The U.S. Justice Department is turning up the heat on General Motors, launching its own preliminary investigation into how and why the automaker delayed action involving faulty ignition switches catching blame for at least 13 deaths and 31 crashes.
The investigation will probe whether the GM might have violated criminal or civil laws requiring automotive manufacturers to advise federal regulators about potential safety problems in a timely manner. A timeline supplied by the Detroit maker last month indicates it first became aware of the problem as much as a decade ago.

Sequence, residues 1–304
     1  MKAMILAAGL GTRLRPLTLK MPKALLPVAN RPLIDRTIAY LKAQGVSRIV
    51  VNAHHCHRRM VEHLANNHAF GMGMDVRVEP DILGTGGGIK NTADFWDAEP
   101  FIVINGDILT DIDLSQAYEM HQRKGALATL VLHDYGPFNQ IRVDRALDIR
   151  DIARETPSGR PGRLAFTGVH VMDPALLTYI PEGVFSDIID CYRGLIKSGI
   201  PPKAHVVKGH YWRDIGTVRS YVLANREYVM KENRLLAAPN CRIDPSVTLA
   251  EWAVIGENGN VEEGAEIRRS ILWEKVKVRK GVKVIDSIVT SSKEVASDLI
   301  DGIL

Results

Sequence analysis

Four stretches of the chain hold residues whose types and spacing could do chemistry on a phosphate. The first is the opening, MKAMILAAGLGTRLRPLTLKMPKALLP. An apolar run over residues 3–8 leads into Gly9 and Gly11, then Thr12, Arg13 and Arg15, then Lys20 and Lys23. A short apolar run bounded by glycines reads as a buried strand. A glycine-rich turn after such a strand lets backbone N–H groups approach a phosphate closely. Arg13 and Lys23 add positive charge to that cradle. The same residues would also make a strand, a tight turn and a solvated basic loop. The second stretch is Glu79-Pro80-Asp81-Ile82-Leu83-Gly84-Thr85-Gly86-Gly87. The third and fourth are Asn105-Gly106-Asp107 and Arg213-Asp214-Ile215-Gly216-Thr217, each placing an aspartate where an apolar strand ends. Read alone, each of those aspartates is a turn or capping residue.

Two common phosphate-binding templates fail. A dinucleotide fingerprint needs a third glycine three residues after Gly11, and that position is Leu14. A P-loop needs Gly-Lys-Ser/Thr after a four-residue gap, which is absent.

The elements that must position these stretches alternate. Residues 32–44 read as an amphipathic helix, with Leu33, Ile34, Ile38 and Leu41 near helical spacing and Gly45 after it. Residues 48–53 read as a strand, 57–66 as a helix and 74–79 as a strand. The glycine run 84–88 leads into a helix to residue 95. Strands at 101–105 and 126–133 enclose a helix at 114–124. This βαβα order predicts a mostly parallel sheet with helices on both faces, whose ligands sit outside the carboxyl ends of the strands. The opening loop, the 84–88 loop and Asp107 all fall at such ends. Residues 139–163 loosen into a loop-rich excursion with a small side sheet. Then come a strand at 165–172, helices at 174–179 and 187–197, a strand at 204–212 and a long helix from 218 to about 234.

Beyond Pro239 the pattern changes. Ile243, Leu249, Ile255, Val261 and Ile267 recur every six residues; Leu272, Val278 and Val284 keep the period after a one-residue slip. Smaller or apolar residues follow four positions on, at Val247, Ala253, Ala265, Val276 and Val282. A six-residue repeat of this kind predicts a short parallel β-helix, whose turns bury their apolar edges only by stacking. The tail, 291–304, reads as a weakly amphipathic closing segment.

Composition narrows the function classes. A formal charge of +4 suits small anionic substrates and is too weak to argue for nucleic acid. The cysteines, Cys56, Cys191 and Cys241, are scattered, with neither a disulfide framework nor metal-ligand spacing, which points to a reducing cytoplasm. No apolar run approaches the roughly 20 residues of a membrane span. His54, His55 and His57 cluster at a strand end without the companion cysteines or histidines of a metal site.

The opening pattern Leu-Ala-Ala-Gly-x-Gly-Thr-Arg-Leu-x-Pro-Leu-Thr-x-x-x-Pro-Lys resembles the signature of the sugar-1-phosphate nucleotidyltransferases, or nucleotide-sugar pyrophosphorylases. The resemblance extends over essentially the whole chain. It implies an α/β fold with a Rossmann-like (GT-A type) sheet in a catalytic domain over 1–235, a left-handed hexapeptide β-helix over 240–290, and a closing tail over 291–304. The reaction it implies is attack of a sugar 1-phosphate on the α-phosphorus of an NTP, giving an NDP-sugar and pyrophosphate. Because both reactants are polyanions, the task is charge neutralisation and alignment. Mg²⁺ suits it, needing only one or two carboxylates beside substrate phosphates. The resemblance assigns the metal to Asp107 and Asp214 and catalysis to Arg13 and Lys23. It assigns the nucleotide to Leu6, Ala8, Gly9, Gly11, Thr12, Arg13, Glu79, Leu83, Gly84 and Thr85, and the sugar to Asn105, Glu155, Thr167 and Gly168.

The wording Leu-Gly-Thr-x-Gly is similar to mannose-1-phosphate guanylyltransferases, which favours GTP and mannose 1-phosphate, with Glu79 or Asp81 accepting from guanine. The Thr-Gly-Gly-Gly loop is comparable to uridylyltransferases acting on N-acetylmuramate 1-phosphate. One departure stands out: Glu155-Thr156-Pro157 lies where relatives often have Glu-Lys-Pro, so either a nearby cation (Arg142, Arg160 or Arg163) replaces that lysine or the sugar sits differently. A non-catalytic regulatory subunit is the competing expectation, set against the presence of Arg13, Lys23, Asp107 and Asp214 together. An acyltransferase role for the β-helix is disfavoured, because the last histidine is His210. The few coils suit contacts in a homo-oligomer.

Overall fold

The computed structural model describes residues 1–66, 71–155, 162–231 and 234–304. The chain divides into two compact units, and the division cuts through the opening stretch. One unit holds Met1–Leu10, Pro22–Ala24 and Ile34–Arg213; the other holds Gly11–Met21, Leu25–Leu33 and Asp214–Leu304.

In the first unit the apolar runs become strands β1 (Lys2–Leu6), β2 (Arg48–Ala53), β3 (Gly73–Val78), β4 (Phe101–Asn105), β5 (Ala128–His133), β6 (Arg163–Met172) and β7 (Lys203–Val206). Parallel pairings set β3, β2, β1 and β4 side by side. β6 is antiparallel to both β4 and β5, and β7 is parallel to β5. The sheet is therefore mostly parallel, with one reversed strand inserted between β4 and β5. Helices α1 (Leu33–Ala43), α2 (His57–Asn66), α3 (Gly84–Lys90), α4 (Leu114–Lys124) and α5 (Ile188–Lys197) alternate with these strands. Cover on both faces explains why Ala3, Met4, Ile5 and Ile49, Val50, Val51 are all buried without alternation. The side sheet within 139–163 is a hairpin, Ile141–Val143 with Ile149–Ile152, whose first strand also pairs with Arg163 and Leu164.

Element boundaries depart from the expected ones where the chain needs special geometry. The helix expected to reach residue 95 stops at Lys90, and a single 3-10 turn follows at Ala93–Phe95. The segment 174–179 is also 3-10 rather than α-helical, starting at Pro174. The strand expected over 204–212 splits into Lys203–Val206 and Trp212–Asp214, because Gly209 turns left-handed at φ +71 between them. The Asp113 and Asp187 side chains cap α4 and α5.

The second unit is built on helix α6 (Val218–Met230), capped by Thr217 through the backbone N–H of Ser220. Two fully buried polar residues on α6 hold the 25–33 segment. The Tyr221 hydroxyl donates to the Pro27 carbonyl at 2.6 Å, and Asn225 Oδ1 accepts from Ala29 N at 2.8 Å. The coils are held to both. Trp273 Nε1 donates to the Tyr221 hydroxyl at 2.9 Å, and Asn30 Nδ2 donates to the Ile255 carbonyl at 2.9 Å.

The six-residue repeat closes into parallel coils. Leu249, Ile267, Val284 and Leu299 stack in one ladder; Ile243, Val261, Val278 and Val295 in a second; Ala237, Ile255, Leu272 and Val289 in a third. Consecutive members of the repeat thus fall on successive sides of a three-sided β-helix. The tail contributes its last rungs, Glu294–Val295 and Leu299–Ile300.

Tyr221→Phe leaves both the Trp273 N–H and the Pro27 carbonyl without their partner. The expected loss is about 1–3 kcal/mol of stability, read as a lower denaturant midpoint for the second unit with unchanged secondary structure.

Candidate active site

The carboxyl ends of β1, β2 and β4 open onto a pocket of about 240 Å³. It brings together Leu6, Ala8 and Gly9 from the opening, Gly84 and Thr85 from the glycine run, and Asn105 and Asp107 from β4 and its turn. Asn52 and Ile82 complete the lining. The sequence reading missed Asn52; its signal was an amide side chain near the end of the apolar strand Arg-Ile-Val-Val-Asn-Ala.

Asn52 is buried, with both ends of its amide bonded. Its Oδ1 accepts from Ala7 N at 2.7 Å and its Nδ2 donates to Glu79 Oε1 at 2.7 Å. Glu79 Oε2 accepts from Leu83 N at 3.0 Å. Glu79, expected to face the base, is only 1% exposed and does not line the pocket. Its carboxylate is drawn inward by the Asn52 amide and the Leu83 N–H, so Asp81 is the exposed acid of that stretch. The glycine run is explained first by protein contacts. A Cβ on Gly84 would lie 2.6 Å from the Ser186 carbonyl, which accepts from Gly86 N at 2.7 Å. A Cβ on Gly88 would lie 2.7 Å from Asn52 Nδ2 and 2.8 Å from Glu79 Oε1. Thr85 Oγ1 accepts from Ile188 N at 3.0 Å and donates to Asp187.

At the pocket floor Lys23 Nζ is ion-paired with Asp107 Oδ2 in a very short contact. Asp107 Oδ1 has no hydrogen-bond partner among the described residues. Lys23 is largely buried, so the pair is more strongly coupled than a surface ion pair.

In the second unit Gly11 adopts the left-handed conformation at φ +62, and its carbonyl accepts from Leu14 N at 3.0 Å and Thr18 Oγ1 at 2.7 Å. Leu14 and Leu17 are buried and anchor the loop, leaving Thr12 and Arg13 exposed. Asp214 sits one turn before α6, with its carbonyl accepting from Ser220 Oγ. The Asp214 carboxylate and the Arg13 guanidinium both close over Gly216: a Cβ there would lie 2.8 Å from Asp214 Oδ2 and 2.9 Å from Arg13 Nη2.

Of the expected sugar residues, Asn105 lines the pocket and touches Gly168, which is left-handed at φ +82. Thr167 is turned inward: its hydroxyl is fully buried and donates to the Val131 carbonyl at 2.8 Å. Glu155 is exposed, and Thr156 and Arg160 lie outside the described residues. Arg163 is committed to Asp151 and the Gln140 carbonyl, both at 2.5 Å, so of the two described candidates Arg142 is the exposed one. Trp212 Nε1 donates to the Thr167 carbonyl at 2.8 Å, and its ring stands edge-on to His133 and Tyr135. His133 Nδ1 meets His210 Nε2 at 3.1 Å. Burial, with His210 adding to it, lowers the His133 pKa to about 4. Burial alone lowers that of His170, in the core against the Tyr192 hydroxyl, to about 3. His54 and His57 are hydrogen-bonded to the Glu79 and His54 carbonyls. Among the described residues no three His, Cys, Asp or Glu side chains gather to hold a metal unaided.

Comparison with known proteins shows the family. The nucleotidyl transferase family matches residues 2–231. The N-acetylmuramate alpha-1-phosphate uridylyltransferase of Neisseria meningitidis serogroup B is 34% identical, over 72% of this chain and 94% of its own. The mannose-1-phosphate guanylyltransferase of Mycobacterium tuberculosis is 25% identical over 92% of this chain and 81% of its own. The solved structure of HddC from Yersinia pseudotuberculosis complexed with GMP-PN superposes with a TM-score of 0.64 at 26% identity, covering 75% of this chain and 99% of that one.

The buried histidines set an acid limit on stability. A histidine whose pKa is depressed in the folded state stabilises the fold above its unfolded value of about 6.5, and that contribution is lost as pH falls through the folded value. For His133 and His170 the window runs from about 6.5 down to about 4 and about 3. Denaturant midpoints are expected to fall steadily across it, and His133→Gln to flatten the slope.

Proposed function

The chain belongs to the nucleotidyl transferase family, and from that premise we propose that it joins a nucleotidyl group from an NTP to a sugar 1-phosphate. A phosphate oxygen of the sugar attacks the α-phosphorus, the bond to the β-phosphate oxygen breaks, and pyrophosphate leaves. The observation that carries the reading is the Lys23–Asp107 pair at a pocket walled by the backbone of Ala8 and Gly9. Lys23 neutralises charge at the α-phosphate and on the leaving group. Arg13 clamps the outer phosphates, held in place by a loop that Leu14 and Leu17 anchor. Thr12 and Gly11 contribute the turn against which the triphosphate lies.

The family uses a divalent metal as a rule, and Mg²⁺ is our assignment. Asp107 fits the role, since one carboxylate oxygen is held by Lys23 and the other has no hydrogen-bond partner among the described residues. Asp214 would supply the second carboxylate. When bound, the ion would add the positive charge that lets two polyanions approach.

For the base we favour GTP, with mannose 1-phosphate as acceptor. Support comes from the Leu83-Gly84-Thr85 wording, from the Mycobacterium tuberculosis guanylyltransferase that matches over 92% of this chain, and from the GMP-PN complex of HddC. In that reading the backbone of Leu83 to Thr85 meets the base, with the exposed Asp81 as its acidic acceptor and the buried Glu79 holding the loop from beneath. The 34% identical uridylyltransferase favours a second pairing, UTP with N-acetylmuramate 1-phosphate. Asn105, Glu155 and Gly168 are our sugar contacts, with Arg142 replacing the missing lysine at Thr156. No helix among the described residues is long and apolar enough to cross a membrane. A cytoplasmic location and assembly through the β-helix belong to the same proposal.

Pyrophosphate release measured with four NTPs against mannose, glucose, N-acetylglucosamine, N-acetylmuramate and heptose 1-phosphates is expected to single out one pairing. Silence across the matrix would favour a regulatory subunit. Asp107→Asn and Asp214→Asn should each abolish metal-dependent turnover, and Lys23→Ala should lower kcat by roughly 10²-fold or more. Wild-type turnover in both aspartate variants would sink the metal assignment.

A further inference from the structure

The problem centers around an ignition switch widely used in a variety of compact GM models between 2003 and 2007. It appears that when the vehicle is jounced around on a rough road, or if a motorist uses a heavy key ring, the switch can inadvertently turn from the On position to Off or ACC. In such a situation, a vehicle’s engine can stall and its airbags can be deactivated.